My wife was in the back seat with her. I remember very vividly driving while I could hear my wife praying over her, and I felt God's presence in a way that I hadn't before in my life. She would go on to make a full recovery, but recognizing, okay, the way I see her is the way God sees people all around me, as sons and daughters. There's this beautiful story in Luke 8, where the woman with the issue of blood tries to stay hidden in a crowd, and this woman thinks, if I can just touch him, I'll be healed.
And so she reaches out. Jesus knows that power has gone out from him, and so he stops everything. And there's this really beautiful verse in Luke 8, it says of the woman that she realized she could not go unnoticed. And that verse changed my perspective.
It changed the lens through which I thought of impact and influence, that here's this woman who is desperate, and Jesus, even though he's surrounded by a crowd of people, is going to notice her, and she knows he's not going to let her go unnoticed. And then, when he sees her, he says to her, daughter. He calls her daughter. And when I read that in Luke 8, it reminded me of that moment as a father, and how Jesus sees this woman in Luke 8. It's how I was thinking of my daughter in this desperate moment. That was my focus.
That was what I cared about in that moment. And Jesus had that heart for this woman, and he refers to her as daughter, which would have been very unusual, if not inappropriate, for a rabbi to refer to a woman in such an intimate, personal term. But that's how he saw her. And when he saw her, he knew everything about her. He knew the journey that she had been on, the experiences that she had had, and he speaks to her in a way that helps us understand his one-at-a-time heart for people.
Yeah. I've often thought about that, how much marriage and then parenting reflects God. I mean, he puts these simple things together for us to know him, to experience him. And even if you're a non-believer and you're loving your children, that's a character of God for us.
And it's built into our heart, as everybody's made in the image of God. You have a story about a family at your church who wanted to celebrate their daughter's cancer recovery. And I believe you went, but they did it at a different church. Tell us what happened.
Yeah. So, I had a leader in our church who's been a friend of mine for a while. His name is Dennis, and he and his family had been on a pretty long journey with a daughter that they had adopted, who not long after the adoption was diagnosed with a pretty serious form of cancer. We had prayed with him and kind of walked with them through all of this. And one day, I get a text from him and it says, hey, she is cancer-free. We're going to throw a party to celebrate it.
You're invited. And then it had the location. And it wasn't at our church, it was at a church down the road.
And I'm like, well, that's weird. Why aren't we celebrating this at our church, at his church? And so I texted him back and like, hey, man, I'll be there.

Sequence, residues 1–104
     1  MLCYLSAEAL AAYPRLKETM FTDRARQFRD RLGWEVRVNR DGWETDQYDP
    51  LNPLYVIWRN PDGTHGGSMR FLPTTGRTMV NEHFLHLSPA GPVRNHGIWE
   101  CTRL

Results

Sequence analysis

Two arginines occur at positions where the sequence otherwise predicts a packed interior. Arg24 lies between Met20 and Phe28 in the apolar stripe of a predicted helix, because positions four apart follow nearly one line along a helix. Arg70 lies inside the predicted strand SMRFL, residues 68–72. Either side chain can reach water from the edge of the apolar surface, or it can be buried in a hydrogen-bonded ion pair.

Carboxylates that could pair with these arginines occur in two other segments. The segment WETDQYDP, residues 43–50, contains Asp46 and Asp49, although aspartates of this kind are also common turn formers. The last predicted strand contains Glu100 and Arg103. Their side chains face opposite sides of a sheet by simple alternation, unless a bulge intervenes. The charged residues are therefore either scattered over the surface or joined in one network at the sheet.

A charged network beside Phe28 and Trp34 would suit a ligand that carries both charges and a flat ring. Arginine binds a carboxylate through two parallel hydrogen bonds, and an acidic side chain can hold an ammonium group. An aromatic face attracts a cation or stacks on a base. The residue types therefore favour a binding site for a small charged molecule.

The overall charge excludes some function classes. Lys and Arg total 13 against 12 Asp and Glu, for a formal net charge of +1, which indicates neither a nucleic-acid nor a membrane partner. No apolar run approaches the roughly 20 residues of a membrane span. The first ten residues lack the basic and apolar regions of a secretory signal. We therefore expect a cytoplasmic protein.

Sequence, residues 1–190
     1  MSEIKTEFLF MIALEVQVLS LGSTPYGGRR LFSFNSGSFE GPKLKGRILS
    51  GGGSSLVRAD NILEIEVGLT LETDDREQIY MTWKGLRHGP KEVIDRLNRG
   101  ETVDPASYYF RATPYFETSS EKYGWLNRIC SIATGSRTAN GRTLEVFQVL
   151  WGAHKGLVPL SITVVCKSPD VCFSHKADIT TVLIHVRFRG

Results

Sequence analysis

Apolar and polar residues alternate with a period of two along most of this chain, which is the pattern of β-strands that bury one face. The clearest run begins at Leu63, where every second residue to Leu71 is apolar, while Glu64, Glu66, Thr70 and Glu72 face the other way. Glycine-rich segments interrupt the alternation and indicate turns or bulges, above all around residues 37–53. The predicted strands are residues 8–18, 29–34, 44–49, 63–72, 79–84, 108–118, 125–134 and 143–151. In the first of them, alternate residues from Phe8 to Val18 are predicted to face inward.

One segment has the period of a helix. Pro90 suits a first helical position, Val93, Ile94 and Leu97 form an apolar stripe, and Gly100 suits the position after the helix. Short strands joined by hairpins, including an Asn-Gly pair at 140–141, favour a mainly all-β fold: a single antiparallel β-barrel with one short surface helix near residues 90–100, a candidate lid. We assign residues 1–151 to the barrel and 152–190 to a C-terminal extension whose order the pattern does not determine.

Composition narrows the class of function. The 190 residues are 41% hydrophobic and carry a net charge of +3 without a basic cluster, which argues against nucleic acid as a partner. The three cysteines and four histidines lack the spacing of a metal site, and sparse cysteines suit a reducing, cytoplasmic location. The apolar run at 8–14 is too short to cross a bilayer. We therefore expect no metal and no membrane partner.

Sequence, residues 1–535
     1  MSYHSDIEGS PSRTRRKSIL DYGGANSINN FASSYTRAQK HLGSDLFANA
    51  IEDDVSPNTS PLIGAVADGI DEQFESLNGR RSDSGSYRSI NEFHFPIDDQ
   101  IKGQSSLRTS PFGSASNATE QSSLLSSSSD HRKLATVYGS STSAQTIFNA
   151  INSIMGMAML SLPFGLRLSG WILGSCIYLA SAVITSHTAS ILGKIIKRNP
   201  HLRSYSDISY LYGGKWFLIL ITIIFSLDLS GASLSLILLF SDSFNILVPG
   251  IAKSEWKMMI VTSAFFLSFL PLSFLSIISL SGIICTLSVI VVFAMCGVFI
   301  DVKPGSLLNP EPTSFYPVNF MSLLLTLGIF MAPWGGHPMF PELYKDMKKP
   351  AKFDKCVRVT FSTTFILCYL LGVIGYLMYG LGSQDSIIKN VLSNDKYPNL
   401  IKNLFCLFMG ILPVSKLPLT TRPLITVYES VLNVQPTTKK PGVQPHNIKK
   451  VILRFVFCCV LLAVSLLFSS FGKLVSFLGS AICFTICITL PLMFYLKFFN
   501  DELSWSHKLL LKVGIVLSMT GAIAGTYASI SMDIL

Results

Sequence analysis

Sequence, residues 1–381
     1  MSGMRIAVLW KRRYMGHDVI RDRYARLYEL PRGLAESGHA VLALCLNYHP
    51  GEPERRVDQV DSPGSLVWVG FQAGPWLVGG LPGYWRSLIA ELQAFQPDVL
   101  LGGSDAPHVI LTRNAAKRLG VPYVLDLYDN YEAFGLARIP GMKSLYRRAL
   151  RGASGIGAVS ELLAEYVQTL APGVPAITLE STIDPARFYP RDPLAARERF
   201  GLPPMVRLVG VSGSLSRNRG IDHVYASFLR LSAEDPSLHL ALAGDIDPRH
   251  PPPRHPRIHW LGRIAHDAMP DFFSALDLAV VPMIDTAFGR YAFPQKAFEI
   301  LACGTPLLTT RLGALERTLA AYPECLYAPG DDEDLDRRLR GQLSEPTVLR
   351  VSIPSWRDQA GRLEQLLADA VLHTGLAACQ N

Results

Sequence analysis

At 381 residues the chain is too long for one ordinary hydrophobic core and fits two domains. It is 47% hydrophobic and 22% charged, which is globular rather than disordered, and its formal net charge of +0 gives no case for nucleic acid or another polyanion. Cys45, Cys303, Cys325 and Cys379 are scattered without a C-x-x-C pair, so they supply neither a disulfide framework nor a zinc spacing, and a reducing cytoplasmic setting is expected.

I wouldn't want to miss this. So happy for you. Got to ask, why aren't we hosting this party? And he was really gracious about it. He just said, well, there was a little too much red tape. There was a little too much red tape. And we just decided to do it at this church down the road. It was just a little easier. And I appreciated him being gracious, but immediately I'm like, how did that happen?
And so I went and I talked to some of our folks that are in charge of facilities. And these are people who I know love Jesus. Many of them have sacrificed so that they can serve the church in this way. So I know that they are well-intended.
They are not against celebrating four-year-old girls who recover from cancer. They would not have that heart. So I went to try to understand it and they talked to me about there are just so many requests and we sort of have this philosophy that if we can't do it for everyone, then it's not something we can do. And I understood practically how a decision like that gets made. The problem, of course, is that it doesn't at all reflect the gospel.
That's not the heart of Jesus. And so we talked a little bit more about what's a different approach that we can have. And so they came up with this value of we want to do for one what we wish we could do for everyone. And I love that. And they began doing that in some really practical ways. For example, at one of our campuses, they started a type of valet parking for some people who needed to park closer than our handicapped spots would allow. And it wasn't very practical, right? But that's what you do for the one. And as a church, we just began to say, we wanna be known for these stories.
We want that to be how we're identified. It's impractical. It doesn't always make sense, but that's a lot of the gospels.
No, it's so good. In your book, One at a Time, and obviously the big narrative is reach the person right in front of you, right? What does the Lord want you to do in that relationship? And that's a great piece of advice because so often we're thinking we gotta do something bigger, something more impactful. But One at a Time really makes it happen for all of us. If every Christian were doing this, think of the impact that would be. But you do caution Christians to make sure that you let God work in us before He works through us. What are you getting at? Well, for me, as a pastor in the ministry for a long time, I defined influence and impact by what God was doing through me.